Uncle Ken also enjoyed watching birds. Upon his retirement, he moved from Binghamton, NY to Raquette Lake where he settled into the camp he and my grandfather had built many years earlier. One of the first things he did was set up a bird feeder in the front yard. Nothing fancy. Just one of those shepherd’s hook-type metal supports with a bird feeder hanging from it. That is when the problems began!

The first clue that this would become problematic was when he awoke early one morning to some strange noises on his screened-in front porch. Upon investigation, he discovered a young black bear had broken into his screen-in porch and was busily munching away on the large bag of wild bird seed Uncle Ken had stored there. Luckily, he was able to shoo the bear away. Subsequently, he began storing the bird seed in the old outhouse that had long been converted into a tool shed. Things seemed quiet after that and the problem seemed to be taken care of. At least, until the next spring!

The Battle of the Bird Feeder

One evening, Uncle Ken returned from a fishing excursion into the north part of Raquette Lake. He and a few friends had left early in the morning to go fishing for Lake Trout.  When they returned, and he pulled in to park at his camp, he noticed the bird-feeder support was pushed over, the bird feeder was pretty badly smashed up, and the bird seed was, of course, gone. Nonplussed, he simply went into Old Forge and got a better support and a new bird feeder. The next day, the new birder feeder was in place, and his happy little feathered-friends were back. This however, was not the end of the story. Not by a long shot! The battle of the bird feeder quickly escalated and was waged over a period of several years.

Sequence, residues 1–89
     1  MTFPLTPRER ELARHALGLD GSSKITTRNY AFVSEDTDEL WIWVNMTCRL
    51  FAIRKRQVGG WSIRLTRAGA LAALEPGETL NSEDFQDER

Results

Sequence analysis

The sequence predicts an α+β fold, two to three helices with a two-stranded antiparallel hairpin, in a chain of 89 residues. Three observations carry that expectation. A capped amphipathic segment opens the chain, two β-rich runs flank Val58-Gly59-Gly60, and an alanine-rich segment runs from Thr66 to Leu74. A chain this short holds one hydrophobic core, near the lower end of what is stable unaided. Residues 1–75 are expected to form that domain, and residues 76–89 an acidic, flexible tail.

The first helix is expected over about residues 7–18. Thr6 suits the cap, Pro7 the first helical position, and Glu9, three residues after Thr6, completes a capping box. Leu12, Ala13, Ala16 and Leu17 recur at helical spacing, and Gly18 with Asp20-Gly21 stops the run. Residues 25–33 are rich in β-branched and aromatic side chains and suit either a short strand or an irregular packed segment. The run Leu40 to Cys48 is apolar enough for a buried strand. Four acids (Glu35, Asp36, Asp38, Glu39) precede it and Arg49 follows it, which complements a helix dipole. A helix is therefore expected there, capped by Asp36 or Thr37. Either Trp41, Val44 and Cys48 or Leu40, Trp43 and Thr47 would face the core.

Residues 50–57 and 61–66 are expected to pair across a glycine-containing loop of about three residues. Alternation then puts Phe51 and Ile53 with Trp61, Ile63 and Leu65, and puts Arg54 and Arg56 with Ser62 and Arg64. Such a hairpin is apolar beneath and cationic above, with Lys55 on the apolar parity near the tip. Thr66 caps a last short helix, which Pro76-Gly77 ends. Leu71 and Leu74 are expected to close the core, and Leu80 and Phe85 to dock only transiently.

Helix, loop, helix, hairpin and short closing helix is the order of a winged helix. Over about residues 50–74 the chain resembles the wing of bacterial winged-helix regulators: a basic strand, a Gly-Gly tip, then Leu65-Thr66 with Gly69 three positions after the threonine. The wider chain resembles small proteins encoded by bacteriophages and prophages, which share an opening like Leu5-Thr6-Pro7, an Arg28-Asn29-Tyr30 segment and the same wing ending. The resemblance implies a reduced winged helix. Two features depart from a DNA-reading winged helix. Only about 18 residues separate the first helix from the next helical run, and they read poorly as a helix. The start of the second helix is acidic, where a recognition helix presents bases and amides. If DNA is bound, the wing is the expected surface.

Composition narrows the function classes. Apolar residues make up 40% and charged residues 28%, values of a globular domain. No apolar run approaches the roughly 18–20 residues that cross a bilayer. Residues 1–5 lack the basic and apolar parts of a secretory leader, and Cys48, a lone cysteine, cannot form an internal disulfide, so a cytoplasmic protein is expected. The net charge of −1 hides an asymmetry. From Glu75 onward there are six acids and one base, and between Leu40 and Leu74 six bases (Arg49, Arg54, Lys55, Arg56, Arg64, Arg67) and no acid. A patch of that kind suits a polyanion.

Several times the bird feeder was raided by a black bear and the bird seed eaten. Each time the bird feeder had to be replaced and the mounting system became more substantial each time.

The Battle continues …

birdsI still remember the year he’d tried to use a 4×4 post. Uncle Ken had dug a hole, set the 4×4 in it, and poured concrete around it for a strong base. I was staying at our camp for a week that summer and got to observer the construction project first hand. This time he’d seen the bear, and it was a big one. He was headed out for the day when he discover the bear in his front yard. The bear simply snapped the 4×4 over and began busily munching down on the bird seed that had once been in the now mangled bird feeder.

Uncle Ken, angry now, went in to get his shotgun. The bear was gone when he returned. I guess the bear had decided that he’d over-stayed his welcome. Uncle Ken later told me that he really wasn’t going to shoot the bear, he just wanted to scare it off. Later that afternoon, he headed back to Old Forge for more concrete and a steel pole. “Something like a basketball goal post,” as he put it. When I headed back to Tennessee, he was out there re-digging the hole for the new “steel-pole” bird feeder base he was putting in.

The battle is finally won … the birds lose!

The next year I returned, only to notice that there was no bird feeder in place. Intrigued, I continued up to our camp, unloaded my gear, and then walked down the road to Uncle Ken’s camp to get, as Paul Harvey would say, “the rest of the story!”  Uncle Ken was sitting on his screened-in porch when I walked up. I asked about the “goal-post” bird feeder. Uncle Ken just shook his head. He’d come home after a trip to Warrensburg to visit with a lady he’d become friendly with, only to find the metal post pushed over, the bird feeder demolished, and of course, the bird seed gone.

“The bear just pushed the damn thing over, pulling the concrete base right out of the ground,” he explained.

“At least, the bear had to work for it,” I observed, trying hard not to grin. I did know how stubborn he was and how much he hated losing, especially to a bear. “Are you going to try again?” I asked.